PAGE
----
March 12, 2013

On February 21, 2013, the Internal Revenue Service (IRS) added to its “self-help” resources a new “403(b) Plan Fix-It Guide
to provide guidance more specifically directed at 403(b) plan sponsors
that identify qualification or operational plan failures under their
403(b) plans.  Additionally, the IRS issued as a companion piece a
booklet entitled “Voluntary Correction Program Submission Kit,”
which provides more detailed directions to 403(b) plan sponsors on how
to complete and file a correction filing with the IRS specifically
relating to the failure to adopt a written 403(b) plan document.

This new “fix-it” tool addresses 10 potential errors (likely the most
common 403(b) plan errors), including, but not limited to, ineligible
organizations offering 403(b) plans, failure to adopt a written plan
document as required by the final 403(b) regulations, violation of the
universal availability rule, failure to appropriately limit elective
deferrals and failure to follow the underlying terms of the plan
document.  Although these types of failures are not necessarily new (i.e.,
they could have occurred in prior years), the IRS is slowly bringing
403(b) plans under more scrutiny as the dollars being contributed to
these types of plans continue to increase.  The IRS is developing more
expertise in this area and is training more agents to be able to
identify the particular differences between 401(k) plans and 403(b)
plans, and the specific nuances and legal requirements of operating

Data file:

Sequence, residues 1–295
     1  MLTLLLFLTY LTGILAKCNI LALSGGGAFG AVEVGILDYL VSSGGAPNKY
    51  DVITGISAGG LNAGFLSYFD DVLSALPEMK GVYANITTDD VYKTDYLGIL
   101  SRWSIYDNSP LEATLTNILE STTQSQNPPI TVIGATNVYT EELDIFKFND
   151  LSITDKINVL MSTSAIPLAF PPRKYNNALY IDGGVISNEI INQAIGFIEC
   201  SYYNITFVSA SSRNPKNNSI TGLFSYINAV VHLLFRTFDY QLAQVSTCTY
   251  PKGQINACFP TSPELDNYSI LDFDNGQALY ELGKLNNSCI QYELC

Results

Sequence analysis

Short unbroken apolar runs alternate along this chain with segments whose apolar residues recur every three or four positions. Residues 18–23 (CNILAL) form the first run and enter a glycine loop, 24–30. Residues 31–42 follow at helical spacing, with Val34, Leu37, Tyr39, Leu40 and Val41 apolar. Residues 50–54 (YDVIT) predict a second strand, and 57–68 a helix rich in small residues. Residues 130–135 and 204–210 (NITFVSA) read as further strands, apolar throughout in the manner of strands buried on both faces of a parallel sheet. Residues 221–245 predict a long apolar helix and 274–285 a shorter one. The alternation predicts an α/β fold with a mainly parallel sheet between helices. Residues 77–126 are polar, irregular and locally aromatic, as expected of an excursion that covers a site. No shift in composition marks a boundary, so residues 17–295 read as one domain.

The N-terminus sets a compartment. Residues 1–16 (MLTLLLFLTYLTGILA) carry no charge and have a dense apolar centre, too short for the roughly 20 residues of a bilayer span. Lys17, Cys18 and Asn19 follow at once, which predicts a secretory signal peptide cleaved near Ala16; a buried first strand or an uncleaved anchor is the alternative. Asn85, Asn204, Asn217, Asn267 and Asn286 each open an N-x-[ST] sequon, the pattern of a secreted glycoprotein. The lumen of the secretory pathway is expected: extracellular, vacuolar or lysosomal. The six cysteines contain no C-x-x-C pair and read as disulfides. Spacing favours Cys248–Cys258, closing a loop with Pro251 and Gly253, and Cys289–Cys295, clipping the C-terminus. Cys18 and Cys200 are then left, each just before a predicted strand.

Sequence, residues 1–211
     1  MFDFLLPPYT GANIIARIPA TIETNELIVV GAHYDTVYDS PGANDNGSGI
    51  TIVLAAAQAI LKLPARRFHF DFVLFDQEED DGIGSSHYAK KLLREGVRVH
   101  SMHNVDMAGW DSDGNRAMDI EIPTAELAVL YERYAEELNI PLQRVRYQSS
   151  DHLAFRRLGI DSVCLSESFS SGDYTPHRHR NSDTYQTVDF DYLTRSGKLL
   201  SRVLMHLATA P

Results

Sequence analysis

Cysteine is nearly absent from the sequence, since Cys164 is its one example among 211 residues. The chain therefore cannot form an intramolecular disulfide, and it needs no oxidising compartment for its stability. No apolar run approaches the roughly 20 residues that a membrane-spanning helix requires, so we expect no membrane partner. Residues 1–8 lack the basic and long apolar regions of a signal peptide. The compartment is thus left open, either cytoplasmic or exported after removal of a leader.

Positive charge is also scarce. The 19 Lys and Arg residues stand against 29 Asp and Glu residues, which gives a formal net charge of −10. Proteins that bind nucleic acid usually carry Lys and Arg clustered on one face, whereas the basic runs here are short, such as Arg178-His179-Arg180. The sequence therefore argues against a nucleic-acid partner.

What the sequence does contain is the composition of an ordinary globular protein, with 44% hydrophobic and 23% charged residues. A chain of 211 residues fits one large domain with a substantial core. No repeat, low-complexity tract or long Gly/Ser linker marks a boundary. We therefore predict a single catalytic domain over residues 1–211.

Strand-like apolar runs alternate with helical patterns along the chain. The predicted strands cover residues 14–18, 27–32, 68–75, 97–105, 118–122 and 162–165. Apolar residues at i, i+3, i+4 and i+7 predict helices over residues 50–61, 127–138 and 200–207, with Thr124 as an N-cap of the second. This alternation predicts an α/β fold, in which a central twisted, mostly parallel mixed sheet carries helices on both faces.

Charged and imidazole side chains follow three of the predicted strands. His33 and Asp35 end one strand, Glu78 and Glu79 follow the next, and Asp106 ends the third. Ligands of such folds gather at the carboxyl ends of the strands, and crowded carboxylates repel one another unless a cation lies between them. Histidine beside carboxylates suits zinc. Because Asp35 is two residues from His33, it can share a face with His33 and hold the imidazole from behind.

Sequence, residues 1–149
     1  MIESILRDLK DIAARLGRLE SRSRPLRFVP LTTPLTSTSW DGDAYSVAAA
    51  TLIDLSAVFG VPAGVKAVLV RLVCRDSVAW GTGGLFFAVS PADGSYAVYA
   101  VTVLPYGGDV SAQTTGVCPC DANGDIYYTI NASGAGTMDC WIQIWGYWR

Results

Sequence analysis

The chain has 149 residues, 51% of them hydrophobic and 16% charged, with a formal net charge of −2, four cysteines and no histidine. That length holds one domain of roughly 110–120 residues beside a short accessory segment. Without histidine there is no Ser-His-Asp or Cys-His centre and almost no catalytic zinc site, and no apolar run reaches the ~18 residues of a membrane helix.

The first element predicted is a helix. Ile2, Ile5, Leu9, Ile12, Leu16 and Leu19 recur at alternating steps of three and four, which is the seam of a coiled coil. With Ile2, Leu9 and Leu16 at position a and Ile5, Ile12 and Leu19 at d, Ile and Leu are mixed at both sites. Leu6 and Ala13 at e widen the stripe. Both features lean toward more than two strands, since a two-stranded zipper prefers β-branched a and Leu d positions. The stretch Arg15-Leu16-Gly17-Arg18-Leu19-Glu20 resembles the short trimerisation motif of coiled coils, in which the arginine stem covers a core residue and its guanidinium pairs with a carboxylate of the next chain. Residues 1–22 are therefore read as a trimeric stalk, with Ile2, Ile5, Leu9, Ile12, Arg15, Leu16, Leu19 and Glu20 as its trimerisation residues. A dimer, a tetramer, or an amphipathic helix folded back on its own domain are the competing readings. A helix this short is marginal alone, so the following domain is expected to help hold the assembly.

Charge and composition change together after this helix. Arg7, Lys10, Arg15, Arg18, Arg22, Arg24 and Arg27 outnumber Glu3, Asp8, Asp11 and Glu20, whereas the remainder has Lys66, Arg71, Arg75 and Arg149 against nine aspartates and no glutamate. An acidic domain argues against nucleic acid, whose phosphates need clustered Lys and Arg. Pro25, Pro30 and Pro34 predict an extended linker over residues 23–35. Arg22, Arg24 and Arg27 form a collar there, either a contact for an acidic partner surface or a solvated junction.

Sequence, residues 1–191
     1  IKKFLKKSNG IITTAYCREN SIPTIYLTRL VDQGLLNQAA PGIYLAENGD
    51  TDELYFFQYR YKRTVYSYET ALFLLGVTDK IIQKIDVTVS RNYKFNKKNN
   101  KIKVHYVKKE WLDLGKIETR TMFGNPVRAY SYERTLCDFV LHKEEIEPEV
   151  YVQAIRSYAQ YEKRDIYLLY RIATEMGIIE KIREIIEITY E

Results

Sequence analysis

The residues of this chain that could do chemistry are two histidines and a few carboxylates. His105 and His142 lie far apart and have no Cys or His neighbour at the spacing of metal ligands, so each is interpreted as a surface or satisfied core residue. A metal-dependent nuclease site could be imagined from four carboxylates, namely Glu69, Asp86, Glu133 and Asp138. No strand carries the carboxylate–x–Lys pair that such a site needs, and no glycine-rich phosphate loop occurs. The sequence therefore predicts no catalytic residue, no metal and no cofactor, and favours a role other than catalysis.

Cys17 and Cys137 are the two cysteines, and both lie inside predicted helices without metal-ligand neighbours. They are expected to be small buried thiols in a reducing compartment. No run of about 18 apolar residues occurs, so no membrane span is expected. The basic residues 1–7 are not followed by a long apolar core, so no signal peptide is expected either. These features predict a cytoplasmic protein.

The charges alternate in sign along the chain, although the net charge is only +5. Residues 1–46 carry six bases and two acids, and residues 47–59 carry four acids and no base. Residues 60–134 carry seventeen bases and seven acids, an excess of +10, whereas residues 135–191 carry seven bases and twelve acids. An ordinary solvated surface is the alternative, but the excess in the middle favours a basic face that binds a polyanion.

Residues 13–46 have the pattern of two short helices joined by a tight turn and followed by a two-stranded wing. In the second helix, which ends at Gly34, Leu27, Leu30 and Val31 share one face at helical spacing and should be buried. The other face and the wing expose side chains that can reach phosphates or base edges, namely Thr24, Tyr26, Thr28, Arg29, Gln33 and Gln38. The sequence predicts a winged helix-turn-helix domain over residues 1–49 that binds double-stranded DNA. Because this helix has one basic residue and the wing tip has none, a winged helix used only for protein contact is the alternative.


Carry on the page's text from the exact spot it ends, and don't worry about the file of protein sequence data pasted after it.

403(b) plans.  Since the 403(b) regulations were issued in 2007, this is
the first step in which the IRS is taking a more active role to ensure
compliance under these types of plans.
Revenue Procedures 2013-12 (Employee Plans Compliance Resolution
System, or EPCRS) may be used with respect to any 403(b) plan
corrections going forward.  It incorporates in greater detail the
“403(b) Plan Fix-It Guide.”  Although prior EPCRS guidance such as
Revenue Procedure 2008-50 was often applied to 403(b) plans by analogy
for correcting errors, new Revenue Procedure 2013-12 is drafted to be
directly applicable to 403(b) plans.  Consequently, given the IRS
movement toward greater scrutiny of 403(b) plans, tax-exempt
organizations that have not recently conducted any type of internal
compliance review are encouraged to review, at a minimum, the mistakes
highlighted in the “403(b) Plan Fix-It Guide” to determine whether
greater analysis is required with respect the compliance and operation
of their 403(b) plans.